Visit the Mental Health Commission of Canada to learn more about what you can do to help create safer, more inclusive spaces for young 2SLGBTQ+ folks that you serve in your organization.    

A Vote for Every Child

UNICEF Banner.jpg

Source: UNICEF Canada

We are the True North, strong and free. Part of that freedom is the democratic right to vote - and our next federal election is right around the corner.

In fact, our federal parties are determining their key priorities for the future of Canada and Canada’s role in the world as we speak.

Soon, your local candidates will hit the pavement, knocking on doors, and hosting BBQs looking for your vote this October.

But there are 8 million Canadians who do not get to vote in this election.

Children and youth under 18.

We must ensure young people are THE priority in this election and we can do that by building a movement of engaged Canadians like you who commit to #VoteforEveryChild! 

Will you join UNICEF Canada and make your vote in this election, a #VoteforEveryChild?


Too many children and youth in Canada live in poverty, without access to enough nutritious food or protection from violence. Many young people struggle with mental health challenges and difficult lives – and yet, politicians are not accountable to our most vulnerable citizens.  

Too many children around the world are increasingly in harm’s way, being left behind, and losing out on a childhood.

We need to remind the candidates that:

  • Canada ranks 25th out of 41 rich countries in child and youth well-being, a middle position we’ve held for over a decade.

  • 1 in 5 children in Canada lives in poverty, and all children suffer from the impacts of income inequality.

  • Indigenous children continue to suffer from funding shortfalls in public services like clean water, health care, education, and protection.

  • High quality early learning and childcare is not affordable for all families.

  • Canada must be a global leader to help eliminate all forms of violence against children in conflict.

  • We must continue to invest in global health by increasing support for affordable, comprehensive quality health care for women and children.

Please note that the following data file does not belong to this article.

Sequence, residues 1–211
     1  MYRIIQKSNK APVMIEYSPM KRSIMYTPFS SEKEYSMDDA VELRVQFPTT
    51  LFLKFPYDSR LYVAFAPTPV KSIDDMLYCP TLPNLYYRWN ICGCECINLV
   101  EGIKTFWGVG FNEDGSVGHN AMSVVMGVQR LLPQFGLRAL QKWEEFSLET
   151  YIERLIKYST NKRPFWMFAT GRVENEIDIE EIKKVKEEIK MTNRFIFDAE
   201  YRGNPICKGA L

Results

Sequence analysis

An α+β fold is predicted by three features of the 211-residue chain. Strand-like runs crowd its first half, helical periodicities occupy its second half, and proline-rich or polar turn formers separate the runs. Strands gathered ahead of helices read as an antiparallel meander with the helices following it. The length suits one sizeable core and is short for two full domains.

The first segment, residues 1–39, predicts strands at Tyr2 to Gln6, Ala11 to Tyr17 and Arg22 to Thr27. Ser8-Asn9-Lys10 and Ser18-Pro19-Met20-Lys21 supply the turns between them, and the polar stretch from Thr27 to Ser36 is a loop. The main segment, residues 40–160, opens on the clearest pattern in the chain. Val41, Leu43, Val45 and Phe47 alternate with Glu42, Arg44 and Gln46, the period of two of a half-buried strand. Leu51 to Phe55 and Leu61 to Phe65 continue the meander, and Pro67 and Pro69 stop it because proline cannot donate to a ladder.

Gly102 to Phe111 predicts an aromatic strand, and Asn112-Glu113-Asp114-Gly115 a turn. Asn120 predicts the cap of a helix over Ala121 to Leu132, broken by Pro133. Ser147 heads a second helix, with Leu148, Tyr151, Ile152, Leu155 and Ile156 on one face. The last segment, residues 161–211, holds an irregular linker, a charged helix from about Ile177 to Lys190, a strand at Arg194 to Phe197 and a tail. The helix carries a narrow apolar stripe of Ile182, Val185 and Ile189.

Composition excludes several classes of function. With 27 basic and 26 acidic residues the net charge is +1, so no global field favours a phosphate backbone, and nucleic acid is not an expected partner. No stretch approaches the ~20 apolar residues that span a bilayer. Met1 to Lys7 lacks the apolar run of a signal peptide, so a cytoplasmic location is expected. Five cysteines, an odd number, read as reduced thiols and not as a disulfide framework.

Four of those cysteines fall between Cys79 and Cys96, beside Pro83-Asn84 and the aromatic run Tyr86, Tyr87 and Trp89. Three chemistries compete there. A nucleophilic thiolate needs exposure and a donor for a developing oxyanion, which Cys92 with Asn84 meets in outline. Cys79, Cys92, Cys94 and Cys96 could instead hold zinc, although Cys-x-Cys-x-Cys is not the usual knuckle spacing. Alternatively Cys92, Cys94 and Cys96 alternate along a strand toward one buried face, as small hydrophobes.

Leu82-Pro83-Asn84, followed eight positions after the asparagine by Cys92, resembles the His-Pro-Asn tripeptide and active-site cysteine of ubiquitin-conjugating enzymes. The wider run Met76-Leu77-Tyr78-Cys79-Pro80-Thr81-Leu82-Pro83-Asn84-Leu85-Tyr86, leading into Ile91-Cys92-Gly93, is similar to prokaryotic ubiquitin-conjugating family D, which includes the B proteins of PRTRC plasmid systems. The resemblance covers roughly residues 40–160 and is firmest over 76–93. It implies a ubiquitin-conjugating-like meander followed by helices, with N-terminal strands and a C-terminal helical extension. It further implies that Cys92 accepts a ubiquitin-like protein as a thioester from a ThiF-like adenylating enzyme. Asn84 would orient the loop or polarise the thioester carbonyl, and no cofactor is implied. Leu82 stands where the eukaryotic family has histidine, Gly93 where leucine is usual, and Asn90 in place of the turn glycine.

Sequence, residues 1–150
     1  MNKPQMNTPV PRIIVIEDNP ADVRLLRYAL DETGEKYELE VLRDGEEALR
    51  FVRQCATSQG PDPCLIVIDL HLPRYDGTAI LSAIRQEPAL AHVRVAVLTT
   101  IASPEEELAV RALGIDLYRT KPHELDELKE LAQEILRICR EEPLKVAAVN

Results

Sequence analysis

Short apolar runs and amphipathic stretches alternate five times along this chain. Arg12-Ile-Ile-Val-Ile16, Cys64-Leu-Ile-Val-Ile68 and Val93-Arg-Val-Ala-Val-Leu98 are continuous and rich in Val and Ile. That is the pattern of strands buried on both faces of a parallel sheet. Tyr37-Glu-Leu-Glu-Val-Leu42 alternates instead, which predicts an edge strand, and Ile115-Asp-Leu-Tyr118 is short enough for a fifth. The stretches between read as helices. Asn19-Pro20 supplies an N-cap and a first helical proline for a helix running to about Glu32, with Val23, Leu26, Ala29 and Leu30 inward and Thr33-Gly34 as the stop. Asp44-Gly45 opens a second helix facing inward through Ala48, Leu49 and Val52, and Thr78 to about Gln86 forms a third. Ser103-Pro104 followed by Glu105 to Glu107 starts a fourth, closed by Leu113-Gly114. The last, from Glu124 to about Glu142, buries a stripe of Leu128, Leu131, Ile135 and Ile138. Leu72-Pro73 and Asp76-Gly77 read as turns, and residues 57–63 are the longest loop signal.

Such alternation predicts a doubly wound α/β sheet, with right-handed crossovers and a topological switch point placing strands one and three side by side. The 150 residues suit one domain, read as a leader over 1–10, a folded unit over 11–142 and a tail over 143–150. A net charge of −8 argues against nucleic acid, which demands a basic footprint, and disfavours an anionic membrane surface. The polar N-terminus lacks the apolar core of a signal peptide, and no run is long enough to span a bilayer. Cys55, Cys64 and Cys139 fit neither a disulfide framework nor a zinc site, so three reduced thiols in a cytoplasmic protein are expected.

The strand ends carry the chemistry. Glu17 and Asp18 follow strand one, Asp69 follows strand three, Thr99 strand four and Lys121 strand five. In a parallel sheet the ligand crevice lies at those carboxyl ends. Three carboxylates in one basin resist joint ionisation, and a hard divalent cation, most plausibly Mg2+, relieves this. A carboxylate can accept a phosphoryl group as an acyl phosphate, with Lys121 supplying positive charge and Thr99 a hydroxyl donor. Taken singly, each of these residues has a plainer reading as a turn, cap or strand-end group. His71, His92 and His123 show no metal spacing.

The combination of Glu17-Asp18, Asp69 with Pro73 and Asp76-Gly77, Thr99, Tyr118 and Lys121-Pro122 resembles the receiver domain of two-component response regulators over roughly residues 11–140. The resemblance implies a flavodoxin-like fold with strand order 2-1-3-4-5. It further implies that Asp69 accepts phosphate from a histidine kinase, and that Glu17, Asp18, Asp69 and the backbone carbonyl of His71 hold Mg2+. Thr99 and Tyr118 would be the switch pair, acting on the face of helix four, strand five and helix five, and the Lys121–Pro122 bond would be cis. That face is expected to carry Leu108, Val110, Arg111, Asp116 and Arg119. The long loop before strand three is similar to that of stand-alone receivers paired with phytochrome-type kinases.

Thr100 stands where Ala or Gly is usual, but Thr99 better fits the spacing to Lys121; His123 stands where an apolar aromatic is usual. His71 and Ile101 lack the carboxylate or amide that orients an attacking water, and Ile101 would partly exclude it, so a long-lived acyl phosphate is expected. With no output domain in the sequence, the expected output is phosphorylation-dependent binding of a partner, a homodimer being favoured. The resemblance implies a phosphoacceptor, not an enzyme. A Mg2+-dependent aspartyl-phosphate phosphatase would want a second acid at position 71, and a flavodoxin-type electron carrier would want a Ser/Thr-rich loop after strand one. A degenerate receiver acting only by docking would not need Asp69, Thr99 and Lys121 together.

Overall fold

• Canada must protect children in company supply chains by creating legislation that requires companies that do business in Canada to identify, prevent, respond to and report about their human rights impacts in Canada and around the world.

In just two quick steps, you can send a letter directly to Canada’s political leaders to tell them what is important to YOU this election. 

LGBTQ2+ Youth Priorities for Addressing Gender-Based Violence

Wisdom2Action Logo.png

Over the past 6 months, Wisdom2Action has led consultations with LGBTQ2+ youth across Canada on Gender-Based Violence, funded by the Public Health Agency of Canada. This ground-breaking report highlights the experiences and perspectives of over 500 LGBTQ2+ youth across Canada and their recommendations on addressing Gender-Based Violence.

To check out the full report, visit Wisdom2Action.

Support National Injury Prevention Day July 5

Parachute Banner.png

Please join Parachute on July 5 as they launch their third annual national injury prevention awareness campaign. Landmarks across the nation from Vancouver to Halifax are "lighting up green" to shine a light on this crucial health issue, the leading cause of death for Canadians age one to 44. Their date has been recognized by Health Canada and also proclaimed in 10 Canadian cities so far.

 What can you do?

Take a picture of the landmark(s) where you live and share it on social media, using the hashtag #ParachuteNIPD. Follow us @parachutecanada.org on Facebook, Twitter and Instagram.

 Check out their NIPD social media guide for messages and materials you can share on Facebook, Twitter, Instagram and LinkedIn.